“We don’t have any further comment at this time,” Mills said.

The issue of involuntarily committed psychiatric patients being held in jails due to lack of space at API came to light last October. At the time, API couldn’t find enough staff to open enough beds to accommodate the daily tide of people from all over the state sent there to be treated for severe mental health problems.

So people ordered by a judge into state custody because they were a danger to themselves or others were dropped off at the Anchorage jail, taken to Hiland Mountain Correctional Center or sometimes to hospital emergency rooms because there was no room at API.

Some stayed a long time. Over the past eight months, 68 people were detained for 10 days or more before being admitted to API or released, the Disability Law Center said.

And some were extremely ill. One person held as a civil detainee at the jail after the criminal charge against him was dismissed was described as “catatonic, lying in his cell with vomit in his hair and on the floor. Patient defecated on himself this morning. (Patient) needs evaluation and stabilization,” according to the ruling.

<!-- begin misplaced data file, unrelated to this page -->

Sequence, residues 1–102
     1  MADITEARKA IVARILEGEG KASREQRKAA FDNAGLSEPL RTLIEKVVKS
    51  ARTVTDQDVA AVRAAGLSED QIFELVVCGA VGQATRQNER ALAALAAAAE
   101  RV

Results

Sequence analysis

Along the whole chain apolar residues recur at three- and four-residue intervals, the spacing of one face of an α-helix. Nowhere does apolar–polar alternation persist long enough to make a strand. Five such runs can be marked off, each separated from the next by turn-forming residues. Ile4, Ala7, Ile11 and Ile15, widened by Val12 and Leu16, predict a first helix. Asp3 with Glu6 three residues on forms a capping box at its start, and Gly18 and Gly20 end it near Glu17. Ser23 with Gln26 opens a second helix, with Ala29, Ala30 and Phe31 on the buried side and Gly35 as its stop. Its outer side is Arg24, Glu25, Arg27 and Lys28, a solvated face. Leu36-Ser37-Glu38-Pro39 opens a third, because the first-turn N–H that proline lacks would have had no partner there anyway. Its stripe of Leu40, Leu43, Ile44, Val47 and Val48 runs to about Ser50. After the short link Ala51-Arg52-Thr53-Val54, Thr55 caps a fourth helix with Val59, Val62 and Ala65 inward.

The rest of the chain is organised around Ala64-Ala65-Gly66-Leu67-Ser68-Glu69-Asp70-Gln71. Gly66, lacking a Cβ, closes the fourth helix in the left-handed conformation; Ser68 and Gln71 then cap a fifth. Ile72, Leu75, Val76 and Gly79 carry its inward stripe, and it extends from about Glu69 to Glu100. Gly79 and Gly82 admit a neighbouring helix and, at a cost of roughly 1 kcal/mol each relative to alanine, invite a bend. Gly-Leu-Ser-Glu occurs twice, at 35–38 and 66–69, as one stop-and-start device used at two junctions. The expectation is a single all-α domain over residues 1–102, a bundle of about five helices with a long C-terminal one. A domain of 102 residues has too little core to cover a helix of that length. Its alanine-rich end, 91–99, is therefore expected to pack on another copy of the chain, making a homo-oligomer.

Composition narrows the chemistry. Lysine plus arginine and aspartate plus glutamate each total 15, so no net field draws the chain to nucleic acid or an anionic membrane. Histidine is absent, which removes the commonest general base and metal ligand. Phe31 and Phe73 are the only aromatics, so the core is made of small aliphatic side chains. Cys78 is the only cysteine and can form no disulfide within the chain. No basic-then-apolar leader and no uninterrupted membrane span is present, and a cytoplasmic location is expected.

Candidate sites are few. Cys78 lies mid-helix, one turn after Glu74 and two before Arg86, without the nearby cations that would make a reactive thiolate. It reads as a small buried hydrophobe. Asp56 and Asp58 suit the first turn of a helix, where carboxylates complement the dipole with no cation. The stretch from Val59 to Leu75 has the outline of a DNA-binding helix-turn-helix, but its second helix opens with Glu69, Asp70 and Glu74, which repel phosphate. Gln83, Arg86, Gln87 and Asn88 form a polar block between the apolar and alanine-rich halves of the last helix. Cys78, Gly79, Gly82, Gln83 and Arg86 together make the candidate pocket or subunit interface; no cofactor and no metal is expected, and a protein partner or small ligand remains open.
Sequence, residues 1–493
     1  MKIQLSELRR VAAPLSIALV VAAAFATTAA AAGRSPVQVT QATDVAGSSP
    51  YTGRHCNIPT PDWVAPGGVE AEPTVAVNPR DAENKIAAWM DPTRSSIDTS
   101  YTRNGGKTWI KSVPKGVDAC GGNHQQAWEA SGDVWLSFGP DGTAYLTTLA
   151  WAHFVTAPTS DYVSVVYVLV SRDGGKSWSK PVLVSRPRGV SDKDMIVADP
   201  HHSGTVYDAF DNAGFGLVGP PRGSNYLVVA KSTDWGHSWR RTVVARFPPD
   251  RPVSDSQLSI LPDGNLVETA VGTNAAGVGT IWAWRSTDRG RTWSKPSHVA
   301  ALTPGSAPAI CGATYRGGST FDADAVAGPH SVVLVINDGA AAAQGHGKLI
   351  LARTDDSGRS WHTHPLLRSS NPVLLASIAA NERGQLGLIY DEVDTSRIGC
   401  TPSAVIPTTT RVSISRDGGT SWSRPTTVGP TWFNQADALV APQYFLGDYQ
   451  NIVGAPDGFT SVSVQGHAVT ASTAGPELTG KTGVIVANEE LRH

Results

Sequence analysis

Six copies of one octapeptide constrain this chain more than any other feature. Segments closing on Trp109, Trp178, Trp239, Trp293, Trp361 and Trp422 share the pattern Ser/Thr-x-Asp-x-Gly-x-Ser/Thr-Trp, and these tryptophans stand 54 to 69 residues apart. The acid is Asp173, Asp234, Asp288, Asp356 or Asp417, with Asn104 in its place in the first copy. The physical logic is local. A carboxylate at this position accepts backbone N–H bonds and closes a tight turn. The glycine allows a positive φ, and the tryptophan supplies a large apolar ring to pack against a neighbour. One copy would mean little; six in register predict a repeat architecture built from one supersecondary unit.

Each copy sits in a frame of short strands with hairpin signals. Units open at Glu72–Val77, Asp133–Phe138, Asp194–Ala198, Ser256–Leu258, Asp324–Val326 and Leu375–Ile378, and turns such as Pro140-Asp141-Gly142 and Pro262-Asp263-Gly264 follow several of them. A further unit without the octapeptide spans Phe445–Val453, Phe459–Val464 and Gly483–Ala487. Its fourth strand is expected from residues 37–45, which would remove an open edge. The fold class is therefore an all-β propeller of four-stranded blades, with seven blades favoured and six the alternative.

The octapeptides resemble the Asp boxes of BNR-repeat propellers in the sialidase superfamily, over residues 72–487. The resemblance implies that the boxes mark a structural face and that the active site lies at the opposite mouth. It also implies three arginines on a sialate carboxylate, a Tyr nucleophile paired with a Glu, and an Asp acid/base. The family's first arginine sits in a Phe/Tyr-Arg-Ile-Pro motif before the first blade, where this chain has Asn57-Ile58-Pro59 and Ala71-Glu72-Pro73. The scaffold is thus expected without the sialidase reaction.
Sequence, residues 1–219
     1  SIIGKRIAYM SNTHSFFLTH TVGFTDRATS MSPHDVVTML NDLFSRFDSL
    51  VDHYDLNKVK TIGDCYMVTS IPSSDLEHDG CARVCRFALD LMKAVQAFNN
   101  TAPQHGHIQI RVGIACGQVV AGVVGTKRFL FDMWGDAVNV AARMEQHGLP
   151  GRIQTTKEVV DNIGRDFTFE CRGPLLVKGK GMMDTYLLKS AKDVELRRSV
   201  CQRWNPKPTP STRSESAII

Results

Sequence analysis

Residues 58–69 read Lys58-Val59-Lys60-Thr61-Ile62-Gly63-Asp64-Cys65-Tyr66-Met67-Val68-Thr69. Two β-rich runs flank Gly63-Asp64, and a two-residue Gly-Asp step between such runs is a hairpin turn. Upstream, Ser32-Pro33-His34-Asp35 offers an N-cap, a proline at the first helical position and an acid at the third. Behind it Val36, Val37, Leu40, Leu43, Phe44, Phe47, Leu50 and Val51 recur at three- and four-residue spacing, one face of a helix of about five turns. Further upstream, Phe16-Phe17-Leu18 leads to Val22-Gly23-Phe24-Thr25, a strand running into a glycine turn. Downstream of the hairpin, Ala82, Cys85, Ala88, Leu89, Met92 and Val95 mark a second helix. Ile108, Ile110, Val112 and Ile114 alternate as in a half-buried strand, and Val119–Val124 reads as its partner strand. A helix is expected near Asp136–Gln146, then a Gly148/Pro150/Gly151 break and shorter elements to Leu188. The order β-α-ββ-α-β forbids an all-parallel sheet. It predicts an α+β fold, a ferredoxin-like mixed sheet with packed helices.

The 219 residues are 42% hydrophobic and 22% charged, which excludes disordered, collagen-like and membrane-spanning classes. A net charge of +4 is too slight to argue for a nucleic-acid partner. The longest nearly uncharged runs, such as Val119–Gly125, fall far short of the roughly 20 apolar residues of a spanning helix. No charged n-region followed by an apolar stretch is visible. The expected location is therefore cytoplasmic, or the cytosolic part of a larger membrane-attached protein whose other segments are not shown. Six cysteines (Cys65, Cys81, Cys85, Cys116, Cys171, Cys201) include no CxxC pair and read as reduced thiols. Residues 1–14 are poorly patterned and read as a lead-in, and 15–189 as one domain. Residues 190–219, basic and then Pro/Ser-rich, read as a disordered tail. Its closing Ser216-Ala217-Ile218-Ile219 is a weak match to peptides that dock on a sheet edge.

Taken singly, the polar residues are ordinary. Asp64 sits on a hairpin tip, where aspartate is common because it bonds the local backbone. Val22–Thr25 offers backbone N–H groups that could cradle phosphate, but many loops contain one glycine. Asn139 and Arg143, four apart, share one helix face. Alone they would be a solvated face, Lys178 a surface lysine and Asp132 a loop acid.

An Anchorage jail cell similar to ones where involuntarily committed psychiatric patients are being held due to lack of space at the Alaska Psychiatric Institute. (Photo courtesy the Alaska Disability Law Center)

The Disability Law Center of Alaska and the Alaska Public Defender Agency filed legal actions challenging the practice, and asking the court to immediately intervene.

As the case has played out in court, the state has struggled to get API working again.

In early February the state turned over management of the floundering hospital to Wellpath, a private corporation, which promised to get more patient beds up and running — in theory opening up more room for civilly committed patients to be seen at API in a timely manner.